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Cambodia, another South East Asian country remembered for all the wrong reasons.

A 5am start saw us on an early flight to Phnom Penh the capital of Cambodia. If we thought that an early start and flight meant an easy day we were wrong. The heat seemed to be more intense here than it had been in Vietnam but at least we were expecting it now.

Our first visit of the day (we had requested this visit before we left the UK) saw us arriving at the gates of what, many, many years ago had been a Buddhist temple at Choeung Ek. We in the west would know it by its less nice name, the Killing Fields. It is one of thousands of mass grave sites uncovered after Pol Pot and his murderous Khmer Rouge were ousted from power in the mid 1970’s and driven back to their strongholds in the north of the country.


There are no words that can do justice to the disgusting, hideous awfulness of what went on in this place. The site contains many mass graves and to date about 8000 bodies have been unearthed. There are still other bodies buried here, as you walk around you spot something sitting just below the surface and it is a piece of bone or a scrap of clothing. There are various ‘pits’ that have been excavated and they all tell the story of who was buried, sometimes alive, there. This ranges from a pit containing hundreds of men’s bodies that had been decapitated to the pits where the naked bodies of women and children and babies were found. I will not go into detail about how these poor people were killed suffice to say that no bullets were used, they were too expensive. Killing implements ranged from farm tools to razor sharp palm fronds that were used to hack the heads off the victims and the many sturdy trees that grow in the grounds.

The Cambodian government has built a memorial to all the estimated 3 million citizens that were executed by the Khmer Rouge and this sits tall in the middle of this site. It is 20 metres high and filled with some of the skulls of the victims unearthed in the Choeung Ek pits. It was a sobering experience to walk around it.

After Choeung Ek we went on to visit Toul Sleng or S21 as it was known. This was a secondary school that the Khmer Rouge ‘converted’ to a prison to house the hapless victims of their brutal regime where they tortured them and got them to confess to being paid by the CIA or the KGB. If they confessed or if they did not after approximately two weeks, they were sent to the killing fields from which no one returned. Usually their only crime was that they were educated, sometimes being able to do no more that read and write. After walking around for an hour or so you became numb with the horror of it all and it was difficult to take any more in. But I am firmly of the opinion that Pol Pot had a serious neurological defect to put it mildly.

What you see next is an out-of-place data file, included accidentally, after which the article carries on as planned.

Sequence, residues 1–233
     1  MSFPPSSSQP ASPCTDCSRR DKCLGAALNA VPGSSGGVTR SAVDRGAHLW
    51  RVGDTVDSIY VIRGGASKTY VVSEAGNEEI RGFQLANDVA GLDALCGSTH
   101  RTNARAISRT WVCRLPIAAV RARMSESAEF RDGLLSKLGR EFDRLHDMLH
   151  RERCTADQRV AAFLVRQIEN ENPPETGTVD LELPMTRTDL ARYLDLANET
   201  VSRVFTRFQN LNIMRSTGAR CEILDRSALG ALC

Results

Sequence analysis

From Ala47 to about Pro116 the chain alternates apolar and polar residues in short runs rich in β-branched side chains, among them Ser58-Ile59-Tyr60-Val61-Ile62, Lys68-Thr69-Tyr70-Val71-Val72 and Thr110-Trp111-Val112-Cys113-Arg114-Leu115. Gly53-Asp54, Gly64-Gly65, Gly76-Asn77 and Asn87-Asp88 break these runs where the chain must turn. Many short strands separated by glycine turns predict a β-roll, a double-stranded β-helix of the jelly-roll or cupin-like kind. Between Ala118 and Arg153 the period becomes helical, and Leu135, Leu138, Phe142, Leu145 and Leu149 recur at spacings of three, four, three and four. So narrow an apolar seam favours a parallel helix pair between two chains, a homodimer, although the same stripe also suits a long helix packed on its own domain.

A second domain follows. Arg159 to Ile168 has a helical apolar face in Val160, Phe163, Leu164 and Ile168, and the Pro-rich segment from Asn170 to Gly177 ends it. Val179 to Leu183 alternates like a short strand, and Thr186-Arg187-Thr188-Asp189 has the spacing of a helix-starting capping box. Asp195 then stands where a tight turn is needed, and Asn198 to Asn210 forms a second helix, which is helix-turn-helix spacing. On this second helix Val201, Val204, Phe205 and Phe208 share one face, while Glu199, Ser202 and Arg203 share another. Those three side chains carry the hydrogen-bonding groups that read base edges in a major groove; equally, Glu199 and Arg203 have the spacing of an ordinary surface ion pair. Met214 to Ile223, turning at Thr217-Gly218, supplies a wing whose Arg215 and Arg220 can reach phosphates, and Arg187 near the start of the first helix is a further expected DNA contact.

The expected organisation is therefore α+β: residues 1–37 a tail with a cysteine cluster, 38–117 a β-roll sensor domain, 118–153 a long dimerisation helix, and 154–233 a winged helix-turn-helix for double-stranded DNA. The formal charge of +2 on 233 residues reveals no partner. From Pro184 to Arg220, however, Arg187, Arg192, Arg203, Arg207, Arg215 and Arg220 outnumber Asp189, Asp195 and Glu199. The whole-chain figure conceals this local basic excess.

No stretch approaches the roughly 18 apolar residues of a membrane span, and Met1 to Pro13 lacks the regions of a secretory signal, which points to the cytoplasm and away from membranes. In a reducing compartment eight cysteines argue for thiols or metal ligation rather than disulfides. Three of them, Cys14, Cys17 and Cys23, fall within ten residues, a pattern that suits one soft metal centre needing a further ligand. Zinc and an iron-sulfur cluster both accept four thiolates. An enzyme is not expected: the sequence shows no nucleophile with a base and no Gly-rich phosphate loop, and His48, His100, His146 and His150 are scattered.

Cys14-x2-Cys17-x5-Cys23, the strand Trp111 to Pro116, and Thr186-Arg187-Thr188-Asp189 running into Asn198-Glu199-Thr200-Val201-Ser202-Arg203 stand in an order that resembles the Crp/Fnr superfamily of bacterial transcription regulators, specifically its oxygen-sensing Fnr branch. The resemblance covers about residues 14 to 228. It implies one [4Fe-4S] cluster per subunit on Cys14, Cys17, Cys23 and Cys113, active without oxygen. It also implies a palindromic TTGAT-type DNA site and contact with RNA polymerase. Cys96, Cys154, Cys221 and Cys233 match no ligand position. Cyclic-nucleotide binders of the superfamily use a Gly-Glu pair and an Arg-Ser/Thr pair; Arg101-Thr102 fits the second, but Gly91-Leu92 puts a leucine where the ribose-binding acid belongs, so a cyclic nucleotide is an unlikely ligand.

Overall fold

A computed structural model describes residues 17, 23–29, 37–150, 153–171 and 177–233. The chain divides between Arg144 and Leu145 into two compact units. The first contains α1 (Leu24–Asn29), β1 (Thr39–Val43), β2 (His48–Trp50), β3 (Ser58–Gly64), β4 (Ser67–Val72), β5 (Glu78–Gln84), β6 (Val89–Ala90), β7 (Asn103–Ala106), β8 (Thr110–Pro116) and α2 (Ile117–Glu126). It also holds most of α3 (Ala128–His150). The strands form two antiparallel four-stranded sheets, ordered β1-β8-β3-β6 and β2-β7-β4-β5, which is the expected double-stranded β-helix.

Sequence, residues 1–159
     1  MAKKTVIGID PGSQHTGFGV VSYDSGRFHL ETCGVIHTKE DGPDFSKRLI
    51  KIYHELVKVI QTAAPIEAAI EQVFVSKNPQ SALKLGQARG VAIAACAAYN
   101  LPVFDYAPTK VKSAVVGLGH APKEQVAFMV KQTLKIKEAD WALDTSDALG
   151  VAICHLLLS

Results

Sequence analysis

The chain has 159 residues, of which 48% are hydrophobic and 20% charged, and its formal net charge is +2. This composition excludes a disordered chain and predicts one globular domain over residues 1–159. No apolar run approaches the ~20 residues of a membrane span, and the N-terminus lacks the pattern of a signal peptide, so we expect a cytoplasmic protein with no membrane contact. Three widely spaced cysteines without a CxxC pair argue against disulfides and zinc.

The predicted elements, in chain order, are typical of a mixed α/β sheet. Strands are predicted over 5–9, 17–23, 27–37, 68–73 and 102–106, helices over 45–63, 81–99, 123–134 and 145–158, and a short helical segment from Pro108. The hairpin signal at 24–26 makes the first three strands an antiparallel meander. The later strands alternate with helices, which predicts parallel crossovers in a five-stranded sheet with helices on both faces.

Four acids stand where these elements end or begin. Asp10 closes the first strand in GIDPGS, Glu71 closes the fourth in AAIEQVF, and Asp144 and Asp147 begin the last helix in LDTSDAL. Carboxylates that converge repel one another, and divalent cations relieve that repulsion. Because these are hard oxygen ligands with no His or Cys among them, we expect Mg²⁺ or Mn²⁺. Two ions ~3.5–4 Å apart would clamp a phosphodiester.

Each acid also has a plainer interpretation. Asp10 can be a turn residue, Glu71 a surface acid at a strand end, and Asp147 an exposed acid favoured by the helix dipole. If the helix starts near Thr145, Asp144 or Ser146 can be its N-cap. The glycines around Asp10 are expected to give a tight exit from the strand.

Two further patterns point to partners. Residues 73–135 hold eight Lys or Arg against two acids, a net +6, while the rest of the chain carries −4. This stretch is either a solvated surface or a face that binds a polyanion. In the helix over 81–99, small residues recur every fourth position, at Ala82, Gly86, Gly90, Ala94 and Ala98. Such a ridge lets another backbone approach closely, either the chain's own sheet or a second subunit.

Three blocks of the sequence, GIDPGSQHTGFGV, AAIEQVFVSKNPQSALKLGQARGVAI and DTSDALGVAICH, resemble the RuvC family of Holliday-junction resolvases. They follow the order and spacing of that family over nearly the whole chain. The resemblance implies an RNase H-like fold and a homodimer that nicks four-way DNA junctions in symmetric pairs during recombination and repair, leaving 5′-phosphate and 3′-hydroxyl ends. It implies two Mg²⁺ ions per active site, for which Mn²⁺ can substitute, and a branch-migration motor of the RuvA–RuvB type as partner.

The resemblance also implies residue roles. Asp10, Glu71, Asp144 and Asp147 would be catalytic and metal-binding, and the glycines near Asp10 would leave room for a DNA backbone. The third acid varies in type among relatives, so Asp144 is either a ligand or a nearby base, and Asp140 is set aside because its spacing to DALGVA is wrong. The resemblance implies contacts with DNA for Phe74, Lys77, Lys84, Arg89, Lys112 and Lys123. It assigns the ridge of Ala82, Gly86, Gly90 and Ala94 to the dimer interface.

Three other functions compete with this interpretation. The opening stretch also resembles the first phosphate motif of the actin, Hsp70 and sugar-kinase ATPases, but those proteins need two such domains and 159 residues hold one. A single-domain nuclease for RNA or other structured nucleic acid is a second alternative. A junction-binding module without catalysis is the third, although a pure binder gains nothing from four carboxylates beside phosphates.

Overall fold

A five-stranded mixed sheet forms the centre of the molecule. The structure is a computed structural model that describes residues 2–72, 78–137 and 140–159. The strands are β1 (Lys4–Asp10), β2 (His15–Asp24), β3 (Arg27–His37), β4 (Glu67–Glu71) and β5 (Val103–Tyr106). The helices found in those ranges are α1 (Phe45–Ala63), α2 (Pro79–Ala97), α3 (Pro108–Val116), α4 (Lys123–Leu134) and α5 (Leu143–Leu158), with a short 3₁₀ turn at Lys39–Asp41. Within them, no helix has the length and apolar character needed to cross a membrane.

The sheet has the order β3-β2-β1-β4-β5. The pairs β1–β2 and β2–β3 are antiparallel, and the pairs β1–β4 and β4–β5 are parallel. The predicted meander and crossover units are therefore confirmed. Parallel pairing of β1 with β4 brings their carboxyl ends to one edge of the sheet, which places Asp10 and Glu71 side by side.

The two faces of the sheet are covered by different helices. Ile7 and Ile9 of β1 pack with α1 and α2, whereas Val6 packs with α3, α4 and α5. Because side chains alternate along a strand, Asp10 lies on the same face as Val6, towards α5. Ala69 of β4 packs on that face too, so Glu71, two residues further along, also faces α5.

The day finished with a tour of the Silver Pagoda which was beautiful. I was expecting a pagoda painted silver or something, but no, the silver bit comes from the fact that floor is covered completely in silver. It is mostly covered with red carpet but in places you can see the exquisite carving and markings on the silver tiles. It was built for the king and is still part of his residence in the capital. He wasn’t home though so we didn’t get invited in for tea.

The next day we flew to Siem Reap which is effectively the airport for all the tourists wanting to visit Angkor Wat and it’s nearby temples.

Angkor Wat was the reason for my desire to go to Cambodia. There are only 2 buildings in the world that I have wanted to visit, The Taj Mahal and Angkor Wat. I am very lucky to have now done both and neither have disappointed.


Angkor Wat is the name of the most famous temple complex in this area but the biggest one is Angkor Thom. They were originally dedicated to the Hindu gods Vishnu, Brahma and Shiva but later became Buddhist temples. The Cambodian people have this very practical attitude to these two religions and most practise a bit of both.


They are utterly magnificent in their scale, presence and state of repair considering they are between 1000 and 800 years old. We think we are so clever being able to build buildings like the Shard in London but when you consider these peoples had no heavy diggers, metal scaffolding or lifting equipment you can only marvel at what they achieved. It took them 39 years to complete Angkor Wat but what an achievement.


Almost every surface is carved with intricate detailed carvings that tell stories of the gods. Angkor Wat is 1km square and the main temple in the middle has a carving on each of the 4 sides that runs along the whole of each side. I cannot even begin to imagine to skill required to carve that, the detail is phenomenal.

Where I could not find words to describe the horror of Choeung Ek I am almost speechless at the magnificence of Angkor Wat. Two complete ends of the spectrum and I count myself a very lucky and privileged person to have seen both, even the heat and the humidity didn’t dim the experience. I feel that I can home now for a rest.

After 2 days at Angkor Wat we flew from Siem Reap to Bangkok and then had an 11 hour flight back to the UK.

What a trip, one that I would thoroughly recommend but if you go, be prepared, it was hard work.

I am now planning my next adventure.

By Lynda Davey


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